The fact that Nagios is the open source world’s most popular networks and systems monitoring platform is known to everyone. Although several other as or equally complete solutions have appeared, Nagios has more than 50% market share of the installations of this type of platform in IT infrastructures. OpServices has been supplying services based on the Nagios platform since 2003 and since we have identified a number of areas where Nagios OSS (open source version) does not fully meet customer needs. That’s not a big problem for the platform, because that was never the proposal behind Nagios, its main focus is on developing a high performance, flexible and scalable monitoring core.
Although the software in its standard version is functional for the vast majority of IT environments and their basic monitoring needs, when applied to a commercial environment where the issue of IT governance is at a greater level of maturity, Nagios shows its weaknesses. This is particularly evident in some areas like:
- Lack of compliance to the best IT management practices such as ITIL;
- Lack of more complex reports on availability, capacity planning and SLAs;
- An overly technical and easy to use graphical interface;
- Lack of a graphical tool for configuring the platform;
- Lack of multilingual interface support.
Expertise to develop
After several years installing Nagios OSS for customers, many of OpServices’ customers have come to require more advanced features on the platform that somehow the free software community would be unable to address quickly enough. Therefore, we began a project to customize the basic platform, which resulted in OpMon, a network and systems management platform based on core of Nagios OSS, but that addresses the demands of customers in unattended areas.
One of the first questions that we addressed was the issue of multilingualism, however, as it was not enough just to translate Nagios to Portuguese (which we did in the first deployment of OpMon), it is also important to create a new graphical interface for Nagios, based on PHP and no longer in CGIs. To this end, we hired a consultant to work on the usability of the software. The goal would be not only to achieve a less “technical” interface but one that was more intuitive and capable of supporting multiple languages. So, OpMon created a completely independent interface layer and added several modern features to enhance usability, like the ability to create search filters, bookmarks, shortcuts, and simplify navigation.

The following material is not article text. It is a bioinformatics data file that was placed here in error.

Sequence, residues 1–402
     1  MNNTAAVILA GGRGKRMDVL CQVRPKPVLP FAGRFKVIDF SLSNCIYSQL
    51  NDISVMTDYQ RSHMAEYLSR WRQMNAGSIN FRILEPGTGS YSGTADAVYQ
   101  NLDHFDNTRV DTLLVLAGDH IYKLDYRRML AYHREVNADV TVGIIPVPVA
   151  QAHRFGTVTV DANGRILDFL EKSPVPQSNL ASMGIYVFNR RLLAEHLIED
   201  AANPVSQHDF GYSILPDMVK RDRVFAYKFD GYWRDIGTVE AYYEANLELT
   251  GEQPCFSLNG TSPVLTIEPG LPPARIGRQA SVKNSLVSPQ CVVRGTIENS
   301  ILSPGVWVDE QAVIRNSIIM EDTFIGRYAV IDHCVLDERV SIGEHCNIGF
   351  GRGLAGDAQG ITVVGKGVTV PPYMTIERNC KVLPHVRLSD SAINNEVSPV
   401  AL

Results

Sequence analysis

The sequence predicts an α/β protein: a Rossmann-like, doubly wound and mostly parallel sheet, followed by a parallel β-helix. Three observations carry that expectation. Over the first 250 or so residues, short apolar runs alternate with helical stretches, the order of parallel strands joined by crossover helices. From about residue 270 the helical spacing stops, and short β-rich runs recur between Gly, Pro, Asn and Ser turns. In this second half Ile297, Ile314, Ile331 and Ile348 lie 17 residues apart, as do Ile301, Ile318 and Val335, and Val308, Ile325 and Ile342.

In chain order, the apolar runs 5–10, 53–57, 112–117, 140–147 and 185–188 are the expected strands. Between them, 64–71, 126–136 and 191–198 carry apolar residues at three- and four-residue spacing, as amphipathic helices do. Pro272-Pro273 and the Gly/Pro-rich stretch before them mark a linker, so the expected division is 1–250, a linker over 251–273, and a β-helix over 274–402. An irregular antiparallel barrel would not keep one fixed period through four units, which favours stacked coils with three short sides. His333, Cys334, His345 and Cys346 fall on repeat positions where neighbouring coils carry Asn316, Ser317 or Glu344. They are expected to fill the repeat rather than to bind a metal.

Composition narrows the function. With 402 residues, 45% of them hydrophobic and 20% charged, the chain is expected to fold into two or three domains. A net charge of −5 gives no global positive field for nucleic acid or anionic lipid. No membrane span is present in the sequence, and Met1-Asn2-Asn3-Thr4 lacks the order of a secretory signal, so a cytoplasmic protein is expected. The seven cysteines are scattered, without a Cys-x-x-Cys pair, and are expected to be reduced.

Another very important point was to create modules for advanced reporting and service level management (SLA/SLM). One of the most important items addressed at this stage was the creation of time slices in when generating reports. For example, if you want a report on the utilization rate of your internet last month, you may be surprised to learn that the rate of internet use is around 60%, that’s because Nagios counts 24-hour time periods, that is, it includes the night and weekends when the rate of use of your network is possibly much smaller and, on average, it may provide a monthly user rate that does not reflect the reality of use during business hours. When it comes to justifying the investment to upgrade your internet link, maybe there is a lack data to justify it. However, during normal business hours use is always close to 100%. So, OpMon provides the possibility to create custom time slices, allowing the user to issue a report, which shows whatever time slice you want, for example, only during business hours (8am to 6pm, Monday to Friday), making it easier to justify investments in accordance with your company’s real situation.
By storing performance information of the items collected in a MySQL database, OpMon allows the generation of complex reports on capabilities, including projected future resource depletion, trend line monitoring and the ability to provide monitoring via the generation of baselines. This model allows monitoring to be done adaptively and not only based on fixed thresholds. I’ll explain, with traditional monitor, alarms are sent based statically established on limits. For example, when reaching 80% of CPU usage, an alarm is generated automatically, whereas with adaptive monitoring historical data can be used to set the limit dynamically. It may be that every Friday from 6:00 pm to 10:00 pm, CPU utilization is really above 80% due to some common and absolutely normal processing. With traditional monitoring, alarms would be generated every Friday between 6:00 pm to 10:00 pm. By contrast with adaptive monitoring, based on historical data, this behavior would be considered normal and no false alarm would be generated. Of course, neither one of the approaches is perfect, but both can be combined in order to dramatically reduce the generation of false positives.